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Employees want help to upskill

November 27, 2019

Ricoh Europe report into the Future of Work highlights that despite optimism around the role of technology at work, four in five workers expect employers to help extend their careers and two thirds of European workers expect employers to help solve societal issues.

Workers are confident they have the skills to thrive in their careers but expect employers to help them adapt to changing work practices, according to research from Ricoh Europe. The research supports the new Future of Work report, produced by Arup, which explores how technology, collaboration and sustainability should be front of mind for those businesses looking to empower employees.

Despite the fact that automation and technology are likely to replace certain jobs in the future, a Ricoh Europe study of 3,000 European workers found that employees are open to the potential benefits that come with these changes. The majority (61 percent) are optimistic about the opportunities that technology will bring to the workplace, enabling them to work more flexibly and collaboratively. More than three-quarters (77 percent) are also confident that they have the necessary skillset to keep and progress their current job over the next ten years.

The report shows that as organisations implement more tech-based solutions such as robotics and artificial intelligence into their workplace, the onus is on employers to ensure employees have the right skills to shape and extend their careers. Four out of five (81 percent) workers expect their employer to provide tools and training to adapt to new roles as technology changes.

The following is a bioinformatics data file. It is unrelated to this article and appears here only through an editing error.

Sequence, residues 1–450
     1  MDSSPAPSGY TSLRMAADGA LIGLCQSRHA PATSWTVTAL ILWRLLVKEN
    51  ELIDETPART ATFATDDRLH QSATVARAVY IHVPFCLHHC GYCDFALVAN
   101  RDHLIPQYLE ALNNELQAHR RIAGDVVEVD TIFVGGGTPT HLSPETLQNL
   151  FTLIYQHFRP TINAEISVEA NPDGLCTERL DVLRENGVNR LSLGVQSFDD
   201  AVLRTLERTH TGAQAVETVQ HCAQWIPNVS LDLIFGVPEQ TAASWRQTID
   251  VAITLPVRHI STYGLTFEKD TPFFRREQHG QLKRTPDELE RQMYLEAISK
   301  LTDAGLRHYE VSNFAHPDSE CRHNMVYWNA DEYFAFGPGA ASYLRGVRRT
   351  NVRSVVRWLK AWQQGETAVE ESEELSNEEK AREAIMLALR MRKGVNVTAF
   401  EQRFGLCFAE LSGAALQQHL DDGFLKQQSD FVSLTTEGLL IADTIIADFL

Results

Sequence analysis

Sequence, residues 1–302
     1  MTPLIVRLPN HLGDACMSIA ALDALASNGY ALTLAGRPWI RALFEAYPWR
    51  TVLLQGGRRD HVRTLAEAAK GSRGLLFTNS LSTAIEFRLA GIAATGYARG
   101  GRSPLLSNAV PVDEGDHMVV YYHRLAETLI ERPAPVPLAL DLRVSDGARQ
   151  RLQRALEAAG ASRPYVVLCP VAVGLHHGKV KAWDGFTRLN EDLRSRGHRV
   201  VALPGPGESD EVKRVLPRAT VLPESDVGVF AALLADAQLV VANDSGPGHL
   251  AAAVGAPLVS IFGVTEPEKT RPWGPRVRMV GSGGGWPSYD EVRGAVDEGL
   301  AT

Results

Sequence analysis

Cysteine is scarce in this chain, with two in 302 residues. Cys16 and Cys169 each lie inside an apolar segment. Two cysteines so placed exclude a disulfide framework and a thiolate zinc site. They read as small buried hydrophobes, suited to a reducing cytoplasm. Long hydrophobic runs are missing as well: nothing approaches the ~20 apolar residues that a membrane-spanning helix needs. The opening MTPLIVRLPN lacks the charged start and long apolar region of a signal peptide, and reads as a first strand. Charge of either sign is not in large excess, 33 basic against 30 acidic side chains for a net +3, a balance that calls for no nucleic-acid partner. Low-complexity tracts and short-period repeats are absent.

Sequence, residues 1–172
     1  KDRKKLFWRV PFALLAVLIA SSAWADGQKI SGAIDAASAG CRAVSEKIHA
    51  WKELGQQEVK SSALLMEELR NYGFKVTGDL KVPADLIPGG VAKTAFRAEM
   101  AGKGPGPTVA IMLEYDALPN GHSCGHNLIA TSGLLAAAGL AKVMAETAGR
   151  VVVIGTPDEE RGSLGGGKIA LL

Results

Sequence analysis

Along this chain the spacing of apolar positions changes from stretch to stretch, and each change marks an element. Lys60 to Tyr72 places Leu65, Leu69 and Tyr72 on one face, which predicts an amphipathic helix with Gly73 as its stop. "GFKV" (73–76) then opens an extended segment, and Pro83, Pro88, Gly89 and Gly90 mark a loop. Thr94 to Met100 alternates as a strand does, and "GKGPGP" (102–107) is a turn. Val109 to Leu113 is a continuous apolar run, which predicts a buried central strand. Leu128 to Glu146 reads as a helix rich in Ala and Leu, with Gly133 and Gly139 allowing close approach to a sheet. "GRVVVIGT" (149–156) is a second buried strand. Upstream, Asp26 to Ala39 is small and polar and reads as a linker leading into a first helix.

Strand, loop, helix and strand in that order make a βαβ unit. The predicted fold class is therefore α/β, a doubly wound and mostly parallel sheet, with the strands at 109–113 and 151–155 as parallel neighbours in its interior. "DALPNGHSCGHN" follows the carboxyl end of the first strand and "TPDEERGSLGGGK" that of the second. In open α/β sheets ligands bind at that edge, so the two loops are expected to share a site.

David Mills, CEO, Ricoh Europe commented: “The speed of new technologies impacting the market is faster than ever before. This trend shows no sign of abating. It will continue to change how people work for the better, replacing laborious tasks and freeing people up to deliver higher-value, more fulfilling work. As older generations extend their careers and younger generations join the workforce, it’s only natural that employees of all ages expect their employer to harness the positive impacts from technology to upskill and empower them.”

While collaboration and flexibility will be central to the workplace of the future, the report dispels the myth that the physical office will be a thing of the past. Only 28 percent of workers said that offices would not exist in the next ten years and that everyone would work remotely. However, nearly three-quarters (74 percent) of workers believe flexible working will be written into contracts in the future – and a third (32 percent) would take a ten percent pay cut to work for an employer that embraces this practice.

Mills concluded: “The best workplaces put human collaboration and flexibility at the heart of their business. Breaking away from traditional ways of working could prove invaluable for organisations – helping to empower, motivate and ultimately retain talent. For example, at Ricoh’s global head office, we allow employees to spend time performing a different role within the business. It is proving to be a great way to help develop skills, share expertise and harness an open and inclusive culture.”

The Future of Work report analyses more than 100 sources to bring together best-in-class thinking and use cases on how work will shape employment. It finds that technology will fuel new modes of collaboration between humans, human and machines and machines with other machines (automation).

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